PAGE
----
The U.S. Tax Court recently decided that the one-per-year IRA rollover limitation in 26 U.S.C. § 408(d)(3)(B) applies in the aggregate to all of the taxpayer’s IRA accounts rather than separately to each of a taxpayer’s IRA accounts. This decision contradicts published guidance from the IRS which had applied the § 408(d)(3)(B) limitation on an account by account basis. The IRS recently announced that it will follow the Tax Court’s decision starting on January 1, 2015, thereby giving taxpayers a grace period prior to enforcement of this new policy.
Amounts distributed from an IRA are generally includible in taxable gross income by the recipient. 26 U.S.C. § 408(d)(1). However, the Internal Revenue Code permits the recipient of an IRA distribution to exclude from gross income—and therefore avoid tax on—any amount paid or distributed from an IRA if the entire amount is paid (i.e., rolled over) into a qualifying IRA, individual retirement annuity or retirement plan within sixty days. 26 U.S.C. § 408(d)(3)(A). Congress placed a limitation on these "rollovers" in order to ensure that taxpayers do not repeatedly shift nontaxable income in and out of retirement accounts. Under this limitation, the account holder may not perform more than one nontaxable IRA rollover within a one-year period. 26 U.S.C. § 408(d)(3)(B).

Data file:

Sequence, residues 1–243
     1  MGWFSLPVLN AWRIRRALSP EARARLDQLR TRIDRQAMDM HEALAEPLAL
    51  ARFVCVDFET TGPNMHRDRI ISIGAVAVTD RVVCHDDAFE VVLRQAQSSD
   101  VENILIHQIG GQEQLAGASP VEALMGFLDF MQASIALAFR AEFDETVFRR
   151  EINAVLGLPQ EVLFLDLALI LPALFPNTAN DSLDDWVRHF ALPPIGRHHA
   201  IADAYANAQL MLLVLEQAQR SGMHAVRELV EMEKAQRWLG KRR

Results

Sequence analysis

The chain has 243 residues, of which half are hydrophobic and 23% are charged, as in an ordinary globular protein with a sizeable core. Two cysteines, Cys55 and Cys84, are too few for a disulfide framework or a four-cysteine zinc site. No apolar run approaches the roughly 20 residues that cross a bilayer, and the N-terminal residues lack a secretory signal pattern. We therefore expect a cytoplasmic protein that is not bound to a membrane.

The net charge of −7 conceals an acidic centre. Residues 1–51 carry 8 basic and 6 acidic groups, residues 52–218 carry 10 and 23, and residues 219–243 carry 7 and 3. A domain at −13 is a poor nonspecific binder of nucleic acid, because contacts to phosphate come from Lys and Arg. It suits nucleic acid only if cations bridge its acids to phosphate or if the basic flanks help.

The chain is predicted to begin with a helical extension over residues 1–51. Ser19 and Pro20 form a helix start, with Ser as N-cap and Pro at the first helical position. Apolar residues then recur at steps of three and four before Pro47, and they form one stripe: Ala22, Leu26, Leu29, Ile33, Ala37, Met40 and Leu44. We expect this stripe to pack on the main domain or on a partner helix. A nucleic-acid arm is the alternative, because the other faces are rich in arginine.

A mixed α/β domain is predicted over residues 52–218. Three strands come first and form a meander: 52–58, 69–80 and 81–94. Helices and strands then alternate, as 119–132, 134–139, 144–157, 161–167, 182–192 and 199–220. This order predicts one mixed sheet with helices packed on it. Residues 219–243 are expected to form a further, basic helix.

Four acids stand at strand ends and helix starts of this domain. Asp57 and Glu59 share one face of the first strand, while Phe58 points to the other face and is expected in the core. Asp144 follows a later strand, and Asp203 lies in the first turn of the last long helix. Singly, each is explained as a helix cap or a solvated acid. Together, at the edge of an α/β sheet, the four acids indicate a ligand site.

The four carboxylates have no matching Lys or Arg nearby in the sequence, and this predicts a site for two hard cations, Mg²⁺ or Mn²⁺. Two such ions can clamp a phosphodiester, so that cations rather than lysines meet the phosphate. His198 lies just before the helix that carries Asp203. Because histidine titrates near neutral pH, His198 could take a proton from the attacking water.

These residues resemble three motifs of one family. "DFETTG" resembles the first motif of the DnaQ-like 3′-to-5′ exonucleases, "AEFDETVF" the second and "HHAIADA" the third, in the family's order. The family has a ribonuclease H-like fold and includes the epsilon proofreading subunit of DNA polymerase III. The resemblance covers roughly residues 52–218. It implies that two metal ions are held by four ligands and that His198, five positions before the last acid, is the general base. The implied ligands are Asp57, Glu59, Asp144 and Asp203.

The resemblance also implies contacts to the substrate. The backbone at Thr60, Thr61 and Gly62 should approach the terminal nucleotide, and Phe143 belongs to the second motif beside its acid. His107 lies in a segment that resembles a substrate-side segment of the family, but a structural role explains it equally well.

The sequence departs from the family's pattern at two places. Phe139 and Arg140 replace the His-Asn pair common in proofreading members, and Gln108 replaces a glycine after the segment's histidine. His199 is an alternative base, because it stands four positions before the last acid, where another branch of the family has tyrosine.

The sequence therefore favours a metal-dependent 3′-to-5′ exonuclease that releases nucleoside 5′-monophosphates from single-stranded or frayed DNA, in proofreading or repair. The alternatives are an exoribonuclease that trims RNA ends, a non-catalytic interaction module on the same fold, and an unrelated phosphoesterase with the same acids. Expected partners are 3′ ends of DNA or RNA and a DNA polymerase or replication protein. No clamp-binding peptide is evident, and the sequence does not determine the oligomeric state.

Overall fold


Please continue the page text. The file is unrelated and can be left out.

In Bobrow v. Commissioner, T.C. Memo 2014-21, 2014 WL 303234 (Jan. 28, 2014), the Tax Court held that the limitation applied on an aggregate basis, meaning that an individual could not make a rollover if he or she had made a rollover involving any of that individual’s IRAs in the preceding one-year period. This decision contradicted longstanding IRS guidance in Publication 590, Individual Retirement Arrangements (IRAs), allowing that amounts from more than one of a taxpayer’s IRAs could be rolled over each year so long as amounts from no single IRA were rolled over more than once in that period. The IRS provided similar guidance in Proposed Treas. Reg. § 1.408-4(b)(4)(ii).
The IRS quickly adopted the Bobrow decision. On March 20, 2014, the IRS released Announcement 2014-15, in which the agency stated that it will follow the stricter aggregate interpretation of the one-per-year IRA rollover limitation. The IRS stated in this announcement that it intends to replace Proposed Treas. Reg. § 1.408-4(b)(4)(ii) with a new proposed regulation reflecting the holding the Bobrow case. Publication 590 will also be revised to reflect the Bobrow holding. The new rollover limitations will not take effect until January 1, 2015 in order to allow time for IRA administrators and trustees to implement changes in rollover processes and disclosure documents.
As it becomes more and more common for individuals to hold multiple IRA accounts, taxpayers and tax planners must be cognizant of the aggregate view of these accounts when taking distributions and making rollover contributions. As the Tax Court noted in Bobrow, however, direct trustee-to-trustee transfers between IRAs are not "distributions" within the meaning of 26 U.S.C. § 408(d)(3)(A) and therefore are not "rollover contributions."